(b) Nothing in this section precludes any interested person from initiating a guardianship proceeding pursuant to part 3 of article 14 of this title for any reason any time after said persons have conformed with paragraph (a) of this subsection (4).

(c)(I) An attending physician may designate another willing physician to make health care treatment decisions as a patient's proxy decision-maker if:

(A) After making reasonable efforts, the attending physician or his or her designee cannot locate any interested persons, or no interested person is willing and able to serve as proxy decision-maker;

(B) The attending physician has obtained an independent determination of the patient's lack of decisional capacity by another physician;  by an advanced practice nurse who has collaborated about the patient with a licensed physician either in person, by telephone, or electronically;  or by a court;

(C) The attending physician or his or her designee has consulted with and obtained a consensus on the proxy designation with the medical ethics committee of the health care facility where the patient is receiving care;  and

(D) The identity of the physician designated as proxy decision-maker is documented in the medical record.

(II) For the purposes of subsections (4)(c)(I)(C), (4)(c)(V)(B), and (4)(c)(V)(C) of this section, if the health care facility does not have a medical ethics committee, the facility shall refer the attending physician or his or her designee to a medical ethics committee at another health care facility.

(III) The authority of the proxy decision-maker terminates in the event that:

(A) An interested person is willing to serve as proxy decision-maker;

(B) A guardian is appointed;

(C) The patient regains decisional capacity;

(D) The proxy decision-maker decides to no longer serve as the patient's proxy decision-maker;  or

(E) The patient is transferred or discharged from the facility, if any, where the patient is receiving care, unless the proxy decision-maker expresses his or her intention to continue to serve as proxy decision-maker.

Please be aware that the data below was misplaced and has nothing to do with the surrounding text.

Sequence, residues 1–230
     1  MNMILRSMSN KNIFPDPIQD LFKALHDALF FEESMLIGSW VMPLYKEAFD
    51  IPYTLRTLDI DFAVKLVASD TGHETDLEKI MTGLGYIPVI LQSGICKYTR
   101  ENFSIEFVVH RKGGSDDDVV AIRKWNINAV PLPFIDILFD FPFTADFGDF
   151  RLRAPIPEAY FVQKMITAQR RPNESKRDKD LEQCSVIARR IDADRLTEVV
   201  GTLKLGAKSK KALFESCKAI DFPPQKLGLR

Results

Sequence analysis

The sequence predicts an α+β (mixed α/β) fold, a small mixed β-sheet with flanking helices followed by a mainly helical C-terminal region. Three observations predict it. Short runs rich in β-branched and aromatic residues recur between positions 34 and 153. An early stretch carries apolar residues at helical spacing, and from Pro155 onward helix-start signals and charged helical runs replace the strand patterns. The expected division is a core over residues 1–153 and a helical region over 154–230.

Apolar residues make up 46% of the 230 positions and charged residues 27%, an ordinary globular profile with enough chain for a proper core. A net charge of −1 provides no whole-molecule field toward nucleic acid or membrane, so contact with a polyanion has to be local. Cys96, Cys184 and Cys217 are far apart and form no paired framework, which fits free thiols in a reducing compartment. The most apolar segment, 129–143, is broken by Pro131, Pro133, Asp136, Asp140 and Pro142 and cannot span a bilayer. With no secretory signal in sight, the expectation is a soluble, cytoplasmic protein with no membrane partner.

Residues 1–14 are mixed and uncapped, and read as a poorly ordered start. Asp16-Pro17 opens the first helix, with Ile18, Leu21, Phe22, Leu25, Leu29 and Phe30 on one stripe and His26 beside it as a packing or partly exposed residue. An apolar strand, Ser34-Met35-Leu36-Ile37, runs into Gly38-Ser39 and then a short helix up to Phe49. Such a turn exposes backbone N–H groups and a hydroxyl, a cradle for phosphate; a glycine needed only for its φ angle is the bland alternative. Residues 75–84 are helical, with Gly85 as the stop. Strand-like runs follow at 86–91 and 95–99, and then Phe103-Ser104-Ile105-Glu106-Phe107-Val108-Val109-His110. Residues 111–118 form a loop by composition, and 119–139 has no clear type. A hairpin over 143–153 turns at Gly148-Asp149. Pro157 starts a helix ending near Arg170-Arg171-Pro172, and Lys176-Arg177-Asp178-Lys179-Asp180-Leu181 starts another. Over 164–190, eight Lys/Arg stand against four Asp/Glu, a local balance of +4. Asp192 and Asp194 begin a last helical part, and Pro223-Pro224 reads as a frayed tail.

(IV) If the authority of a proxy decision-maker terminates for one of the reasons described in subparagraph (III) of this paragraph (c), the attending physician shall document the reason in the patient's medical record.

(V) The attending physician and the proxy decision-maker shall adhere to the following guidelines for proxy decision-making:

(A) For routine treatments and procedures that are low-risk and within broadly accepted standards of medical practice, the attending physician may make health care treatment decisions;

(B) For treatments that otherwise require a written, informed consent, such as treatments involving anesthesia, treatments involving a significant risk of complication, or invasive procedures, the attending physician shall obtain the written consent of the proxy decision-maker and a consensus with the medical ethics committee;

(C) For end-of-life treatment that is nonbeneficial and involves withholding or withdrawing specific medical treatments, the attending physician shall obtain an independent concurring opinion from a physician other than the proxy decision-maker, and obtain a consensus with the medical ethics committee.

(5) When an attending physician determines that an adult patient lacks decisional capacity, the attending physician or another health care provider shall make reasonable efforts to advise the patient of such determination, of the identity of the proxy decision-maker, and of the patient's right to object, pursuant to section 15-14-506(4)(a) .